Prioritized COVID19 Vaccine Supply- A Risky Health Matter For Front-Line Employees?

California has been a populated state with L.A being the most populous county. The decision was made clear that disabled, elderly people aged above 65, and those people aged between 16 and 64, with chronic health conditions will be prioritized with the vaccine supply. The vaccine supply was anyway not up to the mark as it was limited. Front line employees who are more exposed in the service sector are at a higher risk of contracting the coronavirus. They have to deal with an array of risks when they meet people who might be contracted the disease. This will be a super spreader strategy when workers and front-line employees will risk everything and won’t get the safety.

Prioritized COVID19 Vaccine Supply- A Risky Health Matter For Front-Line Employees?

The frontline workforce is in millions and California has got over 5 million frontline workers with a sequential risk of getting the virus. The pandemic had hit the U.S  hard enough and California is an important state that the officials have to consider along with other states. Thinking of the manufacturing units, front liners are entitled to pack foods, clean office premises, and much more.

Prioritized COVID19 Vaccine Supply- A Risky Health Matter For Front-Line Employees

Regular interactions with people and places where more people have been into, will all multiply the risk of contracting the virus. They have customers and colleagues to meet and this has been an important matter that the government has to look into. Someone has to do these risky activities so that the whole nation gets their, food and supplies readily available. So the care of these frontline employees is equally important as any others.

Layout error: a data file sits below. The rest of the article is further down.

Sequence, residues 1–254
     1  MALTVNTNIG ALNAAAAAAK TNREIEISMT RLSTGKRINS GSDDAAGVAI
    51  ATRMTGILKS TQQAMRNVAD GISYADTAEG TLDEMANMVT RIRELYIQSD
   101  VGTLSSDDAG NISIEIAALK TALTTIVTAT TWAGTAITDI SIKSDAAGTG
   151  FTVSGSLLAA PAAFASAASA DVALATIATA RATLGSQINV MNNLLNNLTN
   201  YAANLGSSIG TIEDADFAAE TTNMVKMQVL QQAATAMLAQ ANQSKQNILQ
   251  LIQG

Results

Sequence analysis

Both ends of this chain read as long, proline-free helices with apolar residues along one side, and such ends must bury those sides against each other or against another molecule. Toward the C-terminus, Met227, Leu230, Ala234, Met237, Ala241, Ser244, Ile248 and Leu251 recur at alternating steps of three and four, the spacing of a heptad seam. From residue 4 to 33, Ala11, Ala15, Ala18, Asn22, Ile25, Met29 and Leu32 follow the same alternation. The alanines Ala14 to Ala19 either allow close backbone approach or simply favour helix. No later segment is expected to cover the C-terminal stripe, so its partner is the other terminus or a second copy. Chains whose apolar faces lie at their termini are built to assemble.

Many people who work in factories are left with no choice and they have to earn their bread and butter by taking every risky step ahead. Some workers got sick and were not able to take any coronavirus vaccines because of priority issues. They cannot even stay at home, but work and earn for their family to survive. They had common symptoms of losing their sense of taste and smell. Some had body aches, and to protect their family from contracting the virus, they shut themselves in a room where nobody could have access to them.

Talking about the workers in a garment manufacturing unit, they also have exposure to similar other employees who are also at a risk like them. Packing, sewing, and stitching all similar activities work rapidly, and the risk of spreading the virus is even faster. Even after the priorities are for those who are older than 65, disabled, and those with chronic conditions, they are not getting the supply of vaccines because of a shortage. Some of the workers say that this has been a denial because logistics workers were previously eligible through Phase 1B for early vaccines. But the state has opted for a change in the strategic plan and instead chose to go with an age-based vaccination strategy. Even those workers in the construction and garment industries are excluded from providing early vaccines.

Vaccine support based on age has diminished the chances of providing vaccine doses to people who work in restaurants, minimarts, and farms as well. The main reason for this rule change is the lack of enough vaccine doses that have not been catered to the needs of all. The only thing we could hope for is how the vaccine rollout mission works in March.

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